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"Oh Shenandoah" (also called simply "Shenandoah" or "Across the Wide Missouri") is a traditional American folk song of uncertain origin, dating to the early 19th century.
Until the 19th century only adventurers who sought their fortunes as trappers and traders of beaver fur ventured as far west as the Missouri River. Most of these Canadian and American "voyageurs" in the fur trade era were loners who became friendly with, and sometimes married, Native Americans. Some lyrics of this song heard by and before 1860 tell the story of a trader who fell in love with the daughter of the Oneida Iroquois pine tree chief Shenandoah (1710–1816), who lived in the central New York state town of Oneida Castle. He was a co-founder of the Oneida Academy, which became Hamilton College in Clinton, New York, and is buried on the campus grounds.
The canoe-going fur-trading voyageurs were great singers, and songs were an important part of their culture. Also in the early 19th century, flatboatmen who plied the Missouri River were known for their shanties, including "Oh Shenandoah". Sailors heading down the Mississippi River picked up the song and made it a capstan shanty that they sang while hauling in the anchor. This boatmen's song found its way down the Mississippi River to American clipper ships, and thus around the world.
The song had become popular as a sea chanty with seafaring sailors by the mid-1800s. A version of the song called "Shanadore" was mentioned in Capt. Robert Chamblet Adams' article "Sailors' Songs" in the April 1876 issue of The New Dominion Monthly. He also included it in his 1879 book On Board the "Rocket". "Shanadore" was later printed as part of William L. Alden's article "Sailor Songs" in the July 1882 issue of Harper's New Monthly Magazine, and in the 1892 book Songs that Never Die. Alfred Mason Williams' 1895 Studies in Folk-song and Popular Poetry called it a "good specimen of a bowline chant"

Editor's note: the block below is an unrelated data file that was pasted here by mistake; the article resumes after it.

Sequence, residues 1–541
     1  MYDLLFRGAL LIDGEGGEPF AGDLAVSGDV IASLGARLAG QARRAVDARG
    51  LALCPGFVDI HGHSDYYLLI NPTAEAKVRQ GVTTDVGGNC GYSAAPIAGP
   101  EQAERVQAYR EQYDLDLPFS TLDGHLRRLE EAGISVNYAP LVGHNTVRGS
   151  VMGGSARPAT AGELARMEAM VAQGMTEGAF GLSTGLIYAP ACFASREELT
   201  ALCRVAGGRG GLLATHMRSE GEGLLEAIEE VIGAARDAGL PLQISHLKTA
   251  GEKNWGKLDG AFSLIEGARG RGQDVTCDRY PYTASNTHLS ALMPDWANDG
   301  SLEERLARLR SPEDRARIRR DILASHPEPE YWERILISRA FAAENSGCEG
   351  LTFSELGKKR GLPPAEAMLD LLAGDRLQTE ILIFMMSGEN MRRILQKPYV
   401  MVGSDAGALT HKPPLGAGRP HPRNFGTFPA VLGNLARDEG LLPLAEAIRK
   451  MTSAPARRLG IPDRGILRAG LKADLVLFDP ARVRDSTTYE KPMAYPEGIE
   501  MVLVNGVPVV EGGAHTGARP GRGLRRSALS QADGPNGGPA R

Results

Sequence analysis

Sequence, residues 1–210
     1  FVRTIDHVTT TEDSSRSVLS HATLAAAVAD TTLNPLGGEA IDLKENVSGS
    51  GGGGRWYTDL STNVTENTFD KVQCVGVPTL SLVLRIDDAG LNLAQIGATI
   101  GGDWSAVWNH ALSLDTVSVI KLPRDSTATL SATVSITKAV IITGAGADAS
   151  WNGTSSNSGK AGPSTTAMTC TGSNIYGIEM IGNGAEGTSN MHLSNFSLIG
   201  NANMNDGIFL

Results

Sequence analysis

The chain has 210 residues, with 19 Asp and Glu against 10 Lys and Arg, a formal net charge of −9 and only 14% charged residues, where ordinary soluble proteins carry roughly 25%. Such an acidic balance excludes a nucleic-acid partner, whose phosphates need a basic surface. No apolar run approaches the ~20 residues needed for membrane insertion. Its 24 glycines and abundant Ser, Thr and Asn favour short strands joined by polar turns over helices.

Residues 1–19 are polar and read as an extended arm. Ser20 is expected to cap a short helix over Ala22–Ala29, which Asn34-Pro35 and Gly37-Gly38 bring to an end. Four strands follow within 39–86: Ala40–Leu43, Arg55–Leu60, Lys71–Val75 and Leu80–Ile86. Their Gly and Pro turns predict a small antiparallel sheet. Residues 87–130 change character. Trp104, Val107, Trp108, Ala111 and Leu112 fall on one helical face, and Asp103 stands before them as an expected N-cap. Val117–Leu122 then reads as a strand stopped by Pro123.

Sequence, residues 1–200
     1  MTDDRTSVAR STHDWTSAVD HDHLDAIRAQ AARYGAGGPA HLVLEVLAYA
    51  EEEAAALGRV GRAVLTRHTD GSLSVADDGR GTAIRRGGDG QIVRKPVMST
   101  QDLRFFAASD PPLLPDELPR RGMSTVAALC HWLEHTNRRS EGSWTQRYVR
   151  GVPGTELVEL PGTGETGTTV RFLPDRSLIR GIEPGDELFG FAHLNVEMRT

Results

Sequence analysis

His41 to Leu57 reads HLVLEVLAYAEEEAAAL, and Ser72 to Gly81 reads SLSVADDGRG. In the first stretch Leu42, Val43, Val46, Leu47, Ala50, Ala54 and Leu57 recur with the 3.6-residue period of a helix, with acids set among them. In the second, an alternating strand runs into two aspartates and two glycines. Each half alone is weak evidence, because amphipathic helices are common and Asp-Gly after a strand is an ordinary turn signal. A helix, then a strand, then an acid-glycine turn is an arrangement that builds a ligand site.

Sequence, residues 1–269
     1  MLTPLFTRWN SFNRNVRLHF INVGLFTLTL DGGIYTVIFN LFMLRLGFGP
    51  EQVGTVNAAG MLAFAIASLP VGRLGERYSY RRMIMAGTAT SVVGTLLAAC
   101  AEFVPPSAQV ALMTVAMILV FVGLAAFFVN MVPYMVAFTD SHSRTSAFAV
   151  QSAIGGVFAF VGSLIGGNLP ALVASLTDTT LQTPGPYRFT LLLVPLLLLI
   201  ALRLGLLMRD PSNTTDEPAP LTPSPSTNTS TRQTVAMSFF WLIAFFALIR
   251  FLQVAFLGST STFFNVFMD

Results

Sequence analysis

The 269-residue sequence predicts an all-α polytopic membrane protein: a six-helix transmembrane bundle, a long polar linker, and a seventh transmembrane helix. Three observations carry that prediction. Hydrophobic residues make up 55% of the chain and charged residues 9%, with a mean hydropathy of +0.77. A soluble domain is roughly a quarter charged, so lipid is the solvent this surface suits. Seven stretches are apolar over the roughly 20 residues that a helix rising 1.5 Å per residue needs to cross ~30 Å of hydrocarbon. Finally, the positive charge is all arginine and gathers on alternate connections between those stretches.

In a letter to the UK newspaper The Times, a former sailor who had worked aboard clipper ships carrying wool between Britain and Australia in the 1880s suggested the song had originated as a black American spiritual which developed into a work song:
This chantey is obviously of American origin.... "Shenandoah" was more a wool and cotton chantey than a capstan chantey. I have many times heard it sung down the hold on the wool screws by the Sydney waterside workers ... and many were full-blood negroes, who undoubtedly brought these chanteys off the cotton ships.... With regard to the words, these vary according to the taste of the chantey man in the first and third line of each verse, there being no effort called for on these two lines, but the second and fourth lines were always the same, these being the rhythm lines on which the weight was used. When I was in the wool trade in the eighties, in both The Tweed and Cutty Sark this chantey was daily used on the wool screws.
Since "Shenandoah" was a riverman's and then sailor's song and went through numerous changes and versions over the years and centuries, there are no set lyrics. Modern lyrics are usually some variation of the following:
Lyrics from prior to 1860, as given in Sea Songs and Shanties, collected by W.B. Whall, Master Mariner (1910) were reported as follows:
A Mr. J.E. Laidlaw of San Francisco reported hearing a version sung by a black Barbadian sailor aboard the Glasgow ship Harland in 1894:
And as sung by Tennessee Ernie Ford:
The song is popular in local organizations such as Shenandoah University, Southern Virginia University, Washington and Lee University, and the Virginia Military Institute.
In 2006 "Shenandoah" was proposed as the "interim state song" for Virginia, with updated lyrics. Members of the Western Writers of America chose it as one of the Top 100 Western songs of all time.